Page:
At first, Garm Wars seems like it might be falling prey to otaku-like overcomplication. The pacing of the film does not do itself any favors by front-loading the information about its world in an info-dump in the first ten minutes. Not only does the film detail these in a voiceover, Wydd's character has some grand expository dialogue that rehashes the same information a few minutes later. In spite of this double dose, it's hard to wade through the names of the Garm tribes and their loyalties, and even more frustrating when you realize that none of that actually matters through the course of the film. These aspects could easily have been trimmed away, and the building of the world more thoroughly integrated into the presentation of the narrative.

Some might also be turned off by the film's emphasis on elements that don't seem to be strictly related to the story. In particular, there are multiple scenes in the first act of Khara wandering through richly-lensed environments after she crashes. Although it's true that these scenes slow the pace of the story, they also build on one another, contributing to a greater sense of the world that the characters inhabit. Oshii certainly seems more interested in the visual presentation of Garm Wars than he is of its complicated backstory.

That said, the film is a worthwhile watch with something interesting to say. In fact, Garm Wars seem to build directly on many of Oshii's previous films, from Avalon through Assault Girls. In fact, I think all of these films exist in the same narrative universe, with the action in Garm Wars only being the most recent manifestation of the immersive computer worlds we've seen in these previous films. The events we see are the subsequent growing pains of artificial life as it tries to come into its own, to not just survive but to have a reason to live. Part of this is the process of individuation, which is why the concept of collective memory among the Garm as well as separation from this collectivity are highlighted. The Garm do not (cannot?) know know their own history, and their reliance on memory and their data archives only gets them so far. The separation of Skellig and Khara from the rest of their tribe is the leverage Wydd uses to get them to accompany him on the journey to the lands of the Druids. Since they are not connected to their networks, their memories will not be downloaded when they die; therefore, they have no choice to press on to try to discover new knowledge. Annwn is a stagnant world - as Wydd says, "The Garm don't create, they maintain." Like Ghost in the Shell's exhortation "Your desire to remain as you are is what ultimately limits you," something drastic needs to happen in this world in order to progress. It's difficult for such a creation to go beyond the bounds of it's original parameters, but Oshii seems optimistic that such growth is perhaps possible, though this is tempered by the open-ended nature of the film's conclusion.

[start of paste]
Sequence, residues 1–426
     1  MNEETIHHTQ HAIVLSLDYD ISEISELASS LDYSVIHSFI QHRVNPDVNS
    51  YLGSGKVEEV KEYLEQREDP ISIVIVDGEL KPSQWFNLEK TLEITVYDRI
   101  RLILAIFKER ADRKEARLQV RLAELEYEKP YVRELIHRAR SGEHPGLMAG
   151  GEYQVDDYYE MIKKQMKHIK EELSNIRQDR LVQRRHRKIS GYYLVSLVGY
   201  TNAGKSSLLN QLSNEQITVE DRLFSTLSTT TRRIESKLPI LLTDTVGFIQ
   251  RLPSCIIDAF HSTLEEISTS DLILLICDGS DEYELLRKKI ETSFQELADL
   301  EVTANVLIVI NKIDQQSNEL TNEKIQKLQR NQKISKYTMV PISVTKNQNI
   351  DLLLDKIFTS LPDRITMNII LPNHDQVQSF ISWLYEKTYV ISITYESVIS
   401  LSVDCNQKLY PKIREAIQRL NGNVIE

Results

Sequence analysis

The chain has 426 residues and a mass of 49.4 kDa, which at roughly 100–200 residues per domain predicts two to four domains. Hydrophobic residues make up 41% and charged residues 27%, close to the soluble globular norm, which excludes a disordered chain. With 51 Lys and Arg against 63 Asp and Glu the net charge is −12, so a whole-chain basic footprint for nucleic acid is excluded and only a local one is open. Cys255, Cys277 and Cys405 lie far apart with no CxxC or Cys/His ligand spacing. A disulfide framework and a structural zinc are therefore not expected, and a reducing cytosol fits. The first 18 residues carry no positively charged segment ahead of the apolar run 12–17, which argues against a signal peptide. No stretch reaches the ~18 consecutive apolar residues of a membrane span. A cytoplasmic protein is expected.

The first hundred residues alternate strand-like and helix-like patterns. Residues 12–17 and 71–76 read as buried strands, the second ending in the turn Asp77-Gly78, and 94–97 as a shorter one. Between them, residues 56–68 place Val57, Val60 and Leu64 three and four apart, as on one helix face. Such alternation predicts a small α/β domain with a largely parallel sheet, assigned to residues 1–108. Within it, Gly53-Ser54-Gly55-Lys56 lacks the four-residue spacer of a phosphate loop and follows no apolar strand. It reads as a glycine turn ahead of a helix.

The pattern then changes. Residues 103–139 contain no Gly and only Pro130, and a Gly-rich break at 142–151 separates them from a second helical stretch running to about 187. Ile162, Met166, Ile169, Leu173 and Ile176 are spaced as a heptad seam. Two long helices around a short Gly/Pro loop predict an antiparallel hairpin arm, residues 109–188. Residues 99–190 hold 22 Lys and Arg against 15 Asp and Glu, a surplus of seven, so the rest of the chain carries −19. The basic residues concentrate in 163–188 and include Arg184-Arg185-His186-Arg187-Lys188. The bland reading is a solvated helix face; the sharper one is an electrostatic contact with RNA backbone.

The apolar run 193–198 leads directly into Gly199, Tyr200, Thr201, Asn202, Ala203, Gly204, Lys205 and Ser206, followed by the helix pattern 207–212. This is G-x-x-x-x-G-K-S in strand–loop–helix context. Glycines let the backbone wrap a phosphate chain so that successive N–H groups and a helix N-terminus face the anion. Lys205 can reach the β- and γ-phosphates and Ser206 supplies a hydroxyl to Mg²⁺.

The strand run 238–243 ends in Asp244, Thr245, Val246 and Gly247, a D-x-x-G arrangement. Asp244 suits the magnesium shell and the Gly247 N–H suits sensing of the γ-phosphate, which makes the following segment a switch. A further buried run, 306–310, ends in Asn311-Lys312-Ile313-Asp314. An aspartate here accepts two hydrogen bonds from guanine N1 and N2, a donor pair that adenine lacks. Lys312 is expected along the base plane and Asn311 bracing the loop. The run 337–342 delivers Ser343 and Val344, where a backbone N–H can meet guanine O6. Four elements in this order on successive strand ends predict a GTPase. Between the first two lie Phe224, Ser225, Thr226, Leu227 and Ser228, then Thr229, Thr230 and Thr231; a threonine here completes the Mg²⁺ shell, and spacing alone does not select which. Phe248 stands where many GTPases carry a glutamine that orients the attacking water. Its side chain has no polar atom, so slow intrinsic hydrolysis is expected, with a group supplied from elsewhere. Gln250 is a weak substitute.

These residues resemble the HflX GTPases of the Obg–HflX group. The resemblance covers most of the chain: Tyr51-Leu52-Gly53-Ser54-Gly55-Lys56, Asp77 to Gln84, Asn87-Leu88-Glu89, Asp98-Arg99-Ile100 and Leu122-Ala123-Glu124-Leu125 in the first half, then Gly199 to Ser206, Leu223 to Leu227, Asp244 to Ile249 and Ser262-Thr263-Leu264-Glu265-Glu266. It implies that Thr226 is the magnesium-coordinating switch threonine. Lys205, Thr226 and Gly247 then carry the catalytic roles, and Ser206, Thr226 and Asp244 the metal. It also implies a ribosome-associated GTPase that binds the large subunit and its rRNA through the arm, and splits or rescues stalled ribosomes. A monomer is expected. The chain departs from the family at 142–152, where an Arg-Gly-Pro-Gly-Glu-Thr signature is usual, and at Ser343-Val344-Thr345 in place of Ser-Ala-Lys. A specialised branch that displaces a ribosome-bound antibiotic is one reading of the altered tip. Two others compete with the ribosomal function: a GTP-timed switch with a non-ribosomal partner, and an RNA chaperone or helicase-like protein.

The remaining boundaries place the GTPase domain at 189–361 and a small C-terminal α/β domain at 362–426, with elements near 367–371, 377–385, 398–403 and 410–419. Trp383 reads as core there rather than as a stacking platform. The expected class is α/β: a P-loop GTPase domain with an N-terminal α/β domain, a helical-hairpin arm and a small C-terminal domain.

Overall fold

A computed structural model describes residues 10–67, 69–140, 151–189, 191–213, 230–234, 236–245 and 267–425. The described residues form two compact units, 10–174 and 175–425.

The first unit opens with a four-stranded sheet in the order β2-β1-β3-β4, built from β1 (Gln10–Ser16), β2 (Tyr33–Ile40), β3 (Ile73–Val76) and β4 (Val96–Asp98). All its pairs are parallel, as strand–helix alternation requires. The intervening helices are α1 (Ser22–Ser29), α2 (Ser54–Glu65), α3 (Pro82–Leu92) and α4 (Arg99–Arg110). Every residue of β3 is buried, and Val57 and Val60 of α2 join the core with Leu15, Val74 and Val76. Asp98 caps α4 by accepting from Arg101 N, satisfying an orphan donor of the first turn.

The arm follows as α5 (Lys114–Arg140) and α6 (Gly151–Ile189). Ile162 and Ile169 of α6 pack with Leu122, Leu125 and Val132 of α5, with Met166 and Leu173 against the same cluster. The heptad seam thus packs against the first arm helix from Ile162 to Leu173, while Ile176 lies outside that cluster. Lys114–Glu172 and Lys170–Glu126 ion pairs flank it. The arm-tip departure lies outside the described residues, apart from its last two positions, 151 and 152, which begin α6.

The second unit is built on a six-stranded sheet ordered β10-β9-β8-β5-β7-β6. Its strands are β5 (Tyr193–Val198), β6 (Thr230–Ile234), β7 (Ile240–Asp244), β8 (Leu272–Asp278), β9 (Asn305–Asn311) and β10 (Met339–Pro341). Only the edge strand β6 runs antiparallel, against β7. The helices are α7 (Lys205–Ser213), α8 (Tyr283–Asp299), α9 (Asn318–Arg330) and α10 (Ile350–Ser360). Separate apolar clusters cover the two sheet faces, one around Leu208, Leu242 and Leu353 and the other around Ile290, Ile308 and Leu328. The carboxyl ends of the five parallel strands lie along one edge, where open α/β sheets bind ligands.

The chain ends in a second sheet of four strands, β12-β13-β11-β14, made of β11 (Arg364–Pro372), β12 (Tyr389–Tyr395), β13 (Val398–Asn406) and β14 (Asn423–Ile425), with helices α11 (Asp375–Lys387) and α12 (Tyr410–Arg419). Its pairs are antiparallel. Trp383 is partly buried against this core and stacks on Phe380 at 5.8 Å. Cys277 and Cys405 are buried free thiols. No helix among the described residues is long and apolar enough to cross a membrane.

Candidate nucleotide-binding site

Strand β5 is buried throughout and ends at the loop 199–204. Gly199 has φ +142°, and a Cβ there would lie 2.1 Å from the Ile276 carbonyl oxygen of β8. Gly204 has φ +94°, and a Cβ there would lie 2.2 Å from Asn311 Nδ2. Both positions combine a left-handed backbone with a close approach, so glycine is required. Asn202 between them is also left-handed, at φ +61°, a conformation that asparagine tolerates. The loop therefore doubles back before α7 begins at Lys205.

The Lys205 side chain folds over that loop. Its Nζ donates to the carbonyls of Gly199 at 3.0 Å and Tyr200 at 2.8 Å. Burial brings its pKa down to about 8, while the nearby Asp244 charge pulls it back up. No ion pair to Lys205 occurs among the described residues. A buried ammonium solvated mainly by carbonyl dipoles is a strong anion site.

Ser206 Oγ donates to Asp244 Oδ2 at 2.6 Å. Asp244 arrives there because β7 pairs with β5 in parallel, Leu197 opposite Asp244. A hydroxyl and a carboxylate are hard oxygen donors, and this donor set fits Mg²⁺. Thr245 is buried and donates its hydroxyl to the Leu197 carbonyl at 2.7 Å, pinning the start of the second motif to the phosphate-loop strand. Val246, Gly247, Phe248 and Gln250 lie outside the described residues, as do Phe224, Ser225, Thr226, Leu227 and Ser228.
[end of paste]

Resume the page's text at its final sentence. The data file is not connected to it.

Garm Wars may initially seem like a gorgeous piece of SF candy, but there's actually quite a bit to consider below the surface. However, it does require some patience and knowledge from outside the film (and particularly of Oshii's previous works) in order to really get at it. This may be too high of a price of entry for some, but I enjoyed the visual and philosophical ride.

Overall (sub) : A-
Story : B
Art : A
Music : B+

+ Fantastic visuals and great use of design and color. Tries to wrestle with some heady issues of meaning and identity.
Sometimes it seems like a "greatest hits" version of Mamoru Oshii's ideas that he has covered more thoroughly elsewhere. It has a steady, deliberate pace that may turn some viewers off.